ESSIE Seminar 2022

Date/Time
Date(s) - 04/29/2022
12:00 PM - 1:00 PM

Categories


Zoom Link:https://ufl.zoom.us/j/95176757634?pwd=Sy9XbksvaHJJQ1RMYnBZMmdjSW1oUT09

Meeting ID: 951 7675 7634
Passcode: 064851

Rock Fracture Caging to Power the Next Generation
Dr. Luke P. Frash
Los Alamos National Laboratory

Society is rapidly speeding towards an energy transition where our primary source of energy must shift
from fossil fuels to alternative energy sources. Among the alternative sources, geothermal energy remains
largely untapped with an estimated 2050 capacity of more than 60 GWe base-load energy generation in
the Unites States (GTO, 2019) versus its current delivery of only 2.6 GWe (EIA, 2020). Similarities between
oil and gas technology and geothermal technology pose an opportunity for energy companies to shift
towards clean geothermal energy production, but not without overcoming some crucial challenges. First,
hot water has negligible value compared to oil, so the value of a hot rock resource depends on the design
of the wells and flow stimulation methods that are used to exploit it. Second, geothermal energy poses a
much higher risk for injection induced seismicity, so solutions are needed to control this risk. Third,
geothermal wells are deeper and hotter and more hostile to tools and instruments, so drilling is more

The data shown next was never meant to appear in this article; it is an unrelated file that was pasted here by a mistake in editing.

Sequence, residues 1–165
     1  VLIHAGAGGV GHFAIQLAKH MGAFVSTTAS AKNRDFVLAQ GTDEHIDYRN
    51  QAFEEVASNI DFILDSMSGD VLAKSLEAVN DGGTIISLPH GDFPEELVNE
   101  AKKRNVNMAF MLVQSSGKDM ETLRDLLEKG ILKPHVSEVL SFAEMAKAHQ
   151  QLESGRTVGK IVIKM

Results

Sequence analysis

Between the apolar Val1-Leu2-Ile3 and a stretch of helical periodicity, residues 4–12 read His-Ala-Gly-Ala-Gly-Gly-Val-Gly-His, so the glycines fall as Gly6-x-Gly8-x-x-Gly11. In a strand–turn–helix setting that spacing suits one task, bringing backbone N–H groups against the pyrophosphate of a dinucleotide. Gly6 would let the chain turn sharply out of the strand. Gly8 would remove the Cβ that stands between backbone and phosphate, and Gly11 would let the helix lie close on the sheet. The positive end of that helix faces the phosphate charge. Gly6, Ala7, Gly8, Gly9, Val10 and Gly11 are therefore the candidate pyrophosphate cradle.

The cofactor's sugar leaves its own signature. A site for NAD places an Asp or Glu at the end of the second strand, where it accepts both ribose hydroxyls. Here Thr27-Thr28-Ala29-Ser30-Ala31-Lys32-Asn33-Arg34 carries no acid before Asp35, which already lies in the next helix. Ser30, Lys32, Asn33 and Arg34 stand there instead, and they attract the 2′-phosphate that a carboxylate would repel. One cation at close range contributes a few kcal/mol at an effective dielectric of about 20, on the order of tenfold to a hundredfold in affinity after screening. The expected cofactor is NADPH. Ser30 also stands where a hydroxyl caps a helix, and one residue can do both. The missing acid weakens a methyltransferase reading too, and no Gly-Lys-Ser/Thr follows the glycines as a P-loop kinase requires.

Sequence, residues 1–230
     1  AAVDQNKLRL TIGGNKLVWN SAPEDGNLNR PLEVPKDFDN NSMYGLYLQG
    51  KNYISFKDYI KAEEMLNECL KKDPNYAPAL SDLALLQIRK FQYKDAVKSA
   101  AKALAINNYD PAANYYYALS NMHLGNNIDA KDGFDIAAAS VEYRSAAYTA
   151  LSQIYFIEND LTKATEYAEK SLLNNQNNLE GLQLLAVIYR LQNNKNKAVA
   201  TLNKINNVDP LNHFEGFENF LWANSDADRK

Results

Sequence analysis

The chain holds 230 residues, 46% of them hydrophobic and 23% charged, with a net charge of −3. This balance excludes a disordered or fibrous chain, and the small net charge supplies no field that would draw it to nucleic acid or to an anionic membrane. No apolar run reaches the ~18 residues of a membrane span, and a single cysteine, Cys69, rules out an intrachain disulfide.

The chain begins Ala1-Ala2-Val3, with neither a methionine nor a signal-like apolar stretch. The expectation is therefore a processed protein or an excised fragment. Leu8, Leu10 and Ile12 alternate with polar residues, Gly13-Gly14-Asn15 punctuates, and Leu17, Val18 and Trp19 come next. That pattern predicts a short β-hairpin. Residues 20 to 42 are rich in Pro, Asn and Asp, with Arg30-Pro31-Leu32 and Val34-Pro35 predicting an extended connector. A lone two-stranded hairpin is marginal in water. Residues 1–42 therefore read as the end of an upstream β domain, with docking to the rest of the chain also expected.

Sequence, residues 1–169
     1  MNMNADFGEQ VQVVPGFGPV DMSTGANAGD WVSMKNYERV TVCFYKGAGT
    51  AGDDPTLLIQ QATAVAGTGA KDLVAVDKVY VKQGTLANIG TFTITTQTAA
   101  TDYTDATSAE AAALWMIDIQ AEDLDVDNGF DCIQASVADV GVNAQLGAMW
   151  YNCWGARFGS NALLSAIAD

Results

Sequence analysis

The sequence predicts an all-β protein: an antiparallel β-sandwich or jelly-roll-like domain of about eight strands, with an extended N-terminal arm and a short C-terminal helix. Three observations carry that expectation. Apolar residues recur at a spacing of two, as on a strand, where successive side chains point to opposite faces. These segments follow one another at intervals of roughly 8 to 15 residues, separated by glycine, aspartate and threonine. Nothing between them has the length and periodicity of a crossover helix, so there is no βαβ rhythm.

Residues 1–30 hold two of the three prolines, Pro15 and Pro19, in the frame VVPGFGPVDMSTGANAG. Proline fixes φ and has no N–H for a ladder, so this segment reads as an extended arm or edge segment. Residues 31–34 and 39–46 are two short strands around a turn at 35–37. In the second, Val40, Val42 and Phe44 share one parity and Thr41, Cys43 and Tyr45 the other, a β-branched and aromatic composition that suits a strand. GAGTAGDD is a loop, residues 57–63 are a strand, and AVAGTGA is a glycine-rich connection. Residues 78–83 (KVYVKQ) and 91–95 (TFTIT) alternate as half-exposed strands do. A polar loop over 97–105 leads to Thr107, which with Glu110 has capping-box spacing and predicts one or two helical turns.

challenging and more expensive. To address these challenges, we propose “fracture caging” where four
or more deep wells are drilled in tactical positions to extract energy more efficiently and more safely than
was previously thought to be possible. It may seem counterintuitive, but a successful fracture cage using
more than the typical two-well geothermal system could lower the cost per well and a disproportionately
increase reservoir productivity. To explore the potential of “caging” we developed a new fast numerical
model that predicts flow and heat transfer characteristics as a function of well design. Informing this
model, we include a new interdimensional scaling theory to predict natural fracture hydromechanical
properties and seismic risk. Altogether, our work at Los Alamos National Laboratory is seeking a path
forward to expand geothermal energy utilization and safety through wholistic design and development
approaches.

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